Geologically, Thailand is divided into several regions with different geological and lithological histories from the Precambrian period in the Paleozoic age to the Quaternary period in the Cenozoic age. Hydrocarbons in Thailand were discovered and produced from the Tertiary basins, which are groups of the Cenozoic age and pre-tertiary basins included Triassic in the Mesozoic age and in the Permian Period in the Paleozoic age. Tertiary basins are distributed in several parts of Thailand, both onshore (the north, the central, and the south regions) and offshore (the Gulf of Thailand and the Andaman Sea). Pre-tertiary basins are mainly located in the northeastern Thailand, which are made up of sedimentary rocks dating from the Carboniferous period of the Paleozoic age to the Tertiary period of Cenozoic age [25,26]. These geological and lithological histories influence compaction models, and thus this study constructed different compaction models of the relationship between porosity-depth curves and time according to geological ages. Specifically, this study employed the data from four Thailand local basins: Petchabun basins in the north Thailand, Mukdahan, Kuchinarai, and Phu Din basins in the northeastern Thailand.
The objective of this study is to clarify the time factor for shale compactions in Thailand shales. This study first confirms that the porosity-depth curves of shales of the targeted locations are well expressed with regard to different geological ages, Cenozoic, Mesozoic, and Paleozoic ages. Then, the new shale compaction models, the empirical relationships among porosity, depth, and time, of each age are proposed based on the methods in Puttiwongrak et al. . A model of standard compaction for Thailand shales is also discussed, compared to that in Puttiwongrak et al. .
2 Data collection and methods
The dataset of this study is composed of 176 data of shale formations from four areas in northeastern Thailand (Figure 1). Four study areas were selected based on the availability of porosity, burial depth, and geological age information for shale formations. They cover a broad range of ages and burial depth: from the Paleozoic to Cenozoic ages and between 280 and 1,432 m below the ground surface, based on well-logging data supplied by the Department of Mineral Fuel of Thailand (DMF).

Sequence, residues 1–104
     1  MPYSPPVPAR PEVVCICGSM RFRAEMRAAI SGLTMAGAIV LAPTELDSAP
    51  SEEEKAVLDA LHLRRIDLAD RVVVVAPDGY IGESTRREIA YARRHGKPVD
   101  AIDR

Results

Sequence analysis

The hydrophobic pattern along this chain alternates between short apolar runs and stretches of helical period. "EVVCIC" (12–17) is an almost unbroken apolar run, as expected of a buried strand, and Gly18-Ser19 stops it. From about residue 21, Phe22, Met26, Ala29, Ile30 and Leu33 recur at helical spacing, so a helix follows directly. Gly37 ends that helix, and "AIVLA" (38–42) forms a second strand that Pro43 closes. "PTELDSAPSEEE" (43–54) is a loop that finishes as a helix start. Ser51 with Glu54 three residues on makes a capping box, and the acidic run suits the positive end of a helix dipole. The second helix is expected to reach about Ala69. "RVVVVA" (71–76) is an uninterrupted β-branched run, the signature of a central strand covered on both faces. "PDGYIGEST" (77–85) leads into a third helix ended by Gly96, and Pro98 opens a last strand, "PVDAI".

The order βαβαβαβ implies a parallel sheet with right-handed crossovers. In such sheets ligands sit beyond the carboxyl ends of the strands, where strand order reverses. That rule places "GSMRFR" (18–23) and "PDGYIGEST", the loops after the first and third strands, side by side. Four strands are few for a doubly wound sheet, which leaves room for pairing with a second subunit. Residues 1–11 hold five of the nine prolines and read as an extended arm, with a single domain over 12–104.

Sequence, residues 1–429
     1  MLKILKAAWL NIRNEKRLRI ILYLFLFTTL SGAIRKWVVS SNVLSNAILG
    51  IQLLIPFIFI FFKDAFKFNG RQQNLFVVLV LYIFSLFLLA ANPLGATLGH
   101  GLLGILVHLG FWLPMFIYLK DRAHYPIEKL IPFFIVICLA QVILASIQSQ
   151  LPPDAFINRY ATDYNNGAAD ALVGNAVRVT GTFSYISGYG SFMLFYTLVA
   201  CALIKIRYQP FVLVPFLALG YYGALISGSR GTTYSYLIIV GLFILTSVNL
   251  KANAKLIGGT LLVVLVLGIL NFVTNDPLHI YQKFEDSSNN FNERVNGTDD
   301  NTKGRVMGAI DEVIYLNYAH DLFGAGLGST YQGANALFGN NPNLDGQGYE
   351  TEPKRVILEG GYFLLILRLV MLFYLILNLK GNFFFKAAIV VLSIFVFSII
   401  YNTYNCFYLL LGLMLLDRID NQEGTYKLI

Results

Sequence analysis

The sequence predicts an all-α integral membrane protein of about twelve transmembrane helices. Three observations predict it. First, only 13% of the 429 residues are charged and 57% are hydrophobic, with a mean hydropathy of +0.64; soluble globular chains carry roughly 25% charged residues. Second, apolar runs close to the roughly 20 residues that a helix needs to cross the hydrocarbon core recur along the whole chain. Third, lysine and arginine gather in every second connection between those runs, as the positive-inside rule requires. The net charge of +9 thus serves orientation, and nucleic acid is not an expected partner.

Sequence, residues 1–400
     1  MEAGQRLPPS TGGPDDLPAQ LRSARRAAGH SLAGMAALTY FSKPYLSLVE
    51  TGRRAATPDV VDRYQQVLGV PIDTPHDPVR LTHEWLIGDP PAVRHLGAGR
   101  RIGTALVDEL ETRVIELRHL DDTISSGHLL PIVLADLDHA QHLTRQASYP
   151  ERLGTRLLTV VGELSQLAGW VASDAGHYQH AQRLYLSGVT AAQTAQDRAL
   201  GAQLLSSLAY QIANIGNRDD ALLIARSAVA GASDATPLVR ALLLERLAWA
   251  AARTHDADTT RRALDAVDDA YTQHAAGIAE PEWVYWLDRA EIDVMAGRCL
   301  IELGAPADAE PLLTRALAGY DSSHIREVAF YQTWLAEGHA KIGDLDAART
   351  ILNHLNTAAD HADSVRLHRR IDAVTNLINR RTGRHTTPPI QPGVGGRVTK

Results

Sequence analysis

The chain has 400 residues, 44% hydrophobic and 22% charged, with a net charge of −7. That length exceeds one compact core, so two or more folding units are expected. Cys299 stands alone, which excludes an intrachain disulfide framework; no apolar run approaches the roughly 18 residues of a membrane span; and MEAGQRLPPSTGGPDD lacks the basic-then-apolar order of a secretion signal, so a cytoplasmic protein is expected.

Porosity data were calculated from the wireline density log (RHOB) using 2.762 g cm−3 as the matrix density and 1.000 g cm−3 as water density, and depth data are given in meter below the ground surface. However, the time data are in the geological ages, there are no numeric data of geological ages obtained from the DMF. Therefore, the numeric data of geological ages were estimated as discussed in the further section. The dataset is summarized in Table 1.
|Location||Porosity (%)||Depth (m)||Geological age||Total data||Estimation ages (Ma)|
3 Conventional porosity-depth plot
To quantify the compactional scatter of shale data from northeastern Thailand, the dataset was plotted by the porosity-depth plot as shown in Figure 2. The compaction of shales is defined by the porosity reduction during burial, and the shale mechanical compaction of porosity reduction is formulated as a mostly exponential function, a conventional model to represent the compaction curve of shales . The frequently used exponential function was proposed by Athy :
where c is a constant, generally known as the compaction coefficient, z is burial depth, ϕ is porosity in depth z, and ϕ o is the initial porosity (at the surface).
However, this function, equation (1), was not fit to the Thailand shale data (r-square = 0.0406) to obtain compaction curves. Figure 2 shows a trend of scattered data points at the entire depth, the porosity-depth curves at the same lithology and depth but from different areas have differences in the porosity of more than 20% .
4 Estimation of geological age data
In this study, new data is provided based on the different geological ages of the Paleozoic, Mesozoic, and Cenozoic ages. The numeric data of each geological age were not available, and a numeric estimation of geological ages was conducted by examining the relationship among velocity, depth, and geological age as suggested by Faust . The velocity data were calculated by the relationship between velocity (v) and depth (z.) using equations (2)–(4) for the Cenozoic, Mesozoic, and Paleozoic datasets, respectively, as shown in Figure 3. The modified plots from Faust  in Figure 3 give the relationship of the velocity and depth with the r-squares equal to 0.9414, 0.7701, and 0.6253 for each geological age (Cenozoic, Mesozoic, and Paleozoic, respectively) .